Villanueva could see time at second, shortstop

Experiment prompted by Myers moving to third base; Hughes released

August 17th, 2018

SAN DIEGO -- 's long-term place on the San Diego roster is as uncertain as it's ever been. That much was made painfully clear earlier this month when the Padres embarked on their -at-third-base experiment.
Where does that leave Villanueva, who has started 90 games there this season? Well, he's currently on the outside looking in when it comes to starting jobs. But those starts might not be so scarce after all.
While the Padres experiment with Myers at third, they'll conduct a similar experiment with Villanueva. The goal is to discover just how versatile he can be.
"I have a lot to contribute, being able to play multiple positions," Villanueva said. "Second is the only infield spot I've never played in the Majors, but nowadays with shifts, I feel like I've already played over there. I feel like I have a lot to add to the team by being versatile."
On Monday, Villanueva played first base. Thursday night, he was back in his traditional role at third. But it seems likely Villanueva plays second base on Friday against left-hander Robbie Ray, with the Padres looking to load their lineup with right-handed hitters.
Come September, the Padres might also give some time off while they learn what they have in Villanueva at shortstop.
"We're looking for options as we go forward into next year to provide depth at multiple positions," said Padres manager Andy Green. "You're looking to find who can be real utility guys for you going forward, and the only way you're going to find that utility is if you let them bounce around the field a little bit."
The season has been a grind for Villanueva, who is reaching base at a .297 clip, despite his team-leading 20 home runs. He started hot and earned National League Rookie of the Month honors in April. He cratered in May and was poor again in July. But entering play Thursday, Villanueva was hitting .375/.474/.531 in 10 August games.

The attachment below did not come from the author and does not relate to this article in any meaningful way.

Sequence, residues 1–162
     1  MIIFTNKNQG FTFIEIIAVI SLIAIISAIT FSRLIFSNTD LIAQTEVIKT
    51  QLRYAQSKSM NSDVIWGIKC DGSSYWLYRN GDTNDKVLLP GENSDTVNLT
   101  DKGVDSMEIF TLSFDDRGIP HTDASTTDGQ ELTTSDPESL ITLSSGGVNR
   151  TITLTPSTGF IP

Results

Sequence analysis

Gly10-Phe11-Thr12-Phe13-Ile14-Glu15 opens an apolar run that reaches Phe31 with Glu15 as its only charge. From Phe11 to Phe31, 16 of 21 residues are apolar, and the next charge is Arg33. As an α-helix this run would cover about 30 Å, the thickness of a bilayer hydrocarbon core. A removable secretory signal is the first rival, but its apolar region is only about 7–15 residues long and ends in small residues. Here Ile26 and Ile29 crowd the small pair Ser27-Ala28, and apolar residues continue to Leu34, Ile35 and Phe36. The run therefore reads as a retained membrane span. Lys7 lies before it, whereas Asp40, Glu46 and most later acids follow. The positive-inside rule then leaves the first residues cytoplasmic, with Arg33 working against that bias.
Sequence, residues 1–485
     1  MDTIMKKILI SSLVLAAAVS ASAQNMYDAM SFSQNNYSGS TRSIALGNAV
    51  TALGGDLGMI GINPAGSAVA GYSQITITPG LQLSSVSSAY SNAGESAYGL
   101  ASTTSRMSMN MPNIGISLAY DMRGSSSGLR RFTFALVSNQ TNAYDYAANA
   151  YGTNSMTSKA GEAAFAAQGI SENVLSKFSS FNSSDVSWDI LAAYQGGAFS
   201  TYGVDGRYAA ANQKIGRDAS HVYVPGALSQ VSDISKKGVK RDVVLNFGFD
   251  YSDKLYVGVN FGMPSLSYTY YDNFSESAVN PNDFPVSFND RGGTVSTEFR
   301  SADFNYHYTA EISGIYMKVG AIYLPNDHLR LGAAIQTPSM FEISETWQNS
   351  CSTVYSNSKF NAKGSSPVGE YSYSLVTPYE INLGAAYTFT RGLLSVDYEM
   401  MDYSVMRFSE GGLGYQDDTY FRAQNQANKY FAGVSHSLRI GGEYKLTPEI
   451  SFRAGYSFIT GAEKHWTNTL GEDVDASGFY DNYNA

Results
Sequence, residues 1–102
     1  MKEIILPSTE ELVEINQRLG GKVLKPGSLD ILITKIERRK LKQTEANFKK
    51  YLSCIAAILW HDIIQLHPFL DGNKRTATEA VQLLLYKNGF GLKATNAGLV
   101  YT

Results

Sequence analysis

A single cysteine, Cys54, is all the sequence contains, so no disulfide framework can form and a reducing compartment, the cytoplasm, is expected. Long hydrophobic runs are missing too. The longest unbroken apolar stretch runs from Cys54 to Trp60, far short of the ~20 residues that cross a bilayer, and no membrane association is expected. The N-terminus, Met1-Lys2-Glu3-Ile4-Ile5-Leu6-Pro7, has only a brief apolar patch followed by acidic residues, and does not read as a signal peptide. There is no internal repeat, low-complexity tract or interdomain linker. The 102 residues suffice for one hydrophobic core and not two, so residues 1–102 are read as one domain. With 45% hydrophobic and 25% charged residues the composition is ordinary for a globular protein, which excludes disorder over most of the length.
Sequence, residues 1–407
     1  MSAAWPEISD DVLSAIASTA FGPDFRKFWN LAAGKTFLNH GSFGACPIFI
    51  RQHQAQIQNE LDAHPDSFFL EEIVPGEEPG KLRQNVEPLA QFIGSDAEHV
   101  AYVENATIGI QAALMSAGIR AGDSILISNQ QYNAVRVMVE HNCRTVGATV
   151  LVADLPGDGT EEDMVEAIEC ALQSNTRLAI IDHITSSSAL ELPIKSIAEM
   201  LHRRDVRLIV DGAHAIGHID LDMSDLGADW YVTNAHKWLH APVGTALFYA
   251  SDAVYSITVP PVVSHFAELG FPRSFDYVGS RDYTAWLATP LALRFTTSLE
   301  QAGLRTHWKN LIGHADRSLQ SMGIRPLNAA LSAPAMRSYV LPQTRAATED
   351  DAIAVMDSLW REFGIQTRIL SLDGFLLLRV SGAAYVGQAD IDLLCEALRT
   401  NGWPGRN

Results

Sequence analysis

"The first part of August has been good," Green said. "You could see real fight to all of his at-bats. There was a relentless grind that we thought was really, really good. He's had a nice stretch here. What we're looking for guys to do is, as teams start to attack you a certain way, either fight that off or don't swing at it."
That's always been the biggest challenge for Villanueva. He has immense pull-side power when he swings at strikes. But he has a hard time deciphering strikes, especially against right-handed pitching.
Villanueva's chase rate sits at 37.4 percent this season, seven points higher than the league average. Because opposing pitchers are aware of that tendency, they don't throw him strikes often. Only 41.3 percent of pitches to Villanueva have been in the strike zone.
Villanueva's ability to limit his chases will ultimately determine the trajectory of his career. For now, however, he can augment his short-term value if he's capable of playing all four spots in the infield. It could make the difference as to whether he earns a roster spot next season.
"I like being where I'm used to, which is third base," Villanueva said. "But for me, as long as I'm in the lineup, I'm happy."
Padres release veteran Hughes
The Padres released Phil Hughes on Thursday, after designating the veteran right-hander for assignment last week. They remain on the hook for a little more than $7 million on his contract in 2019 (with the Twins paying the rest).
Hughes posted a 6.10 ERA in 16 appearances for San Diego after the May trade that brought him over from Minnesota. The Padres gave up next to nothing in that deal, essentially taking on part of Hughes' salary to acquire a Draft pick (and the bonus pool money that comes along with it).
With that Draft pick, the Padres selected Grant Little, an outfielder out of Texas Tech. After news of Hughes' release broke, he self-deprecatingly took to Twitter to acknowledge the reason behind the trade.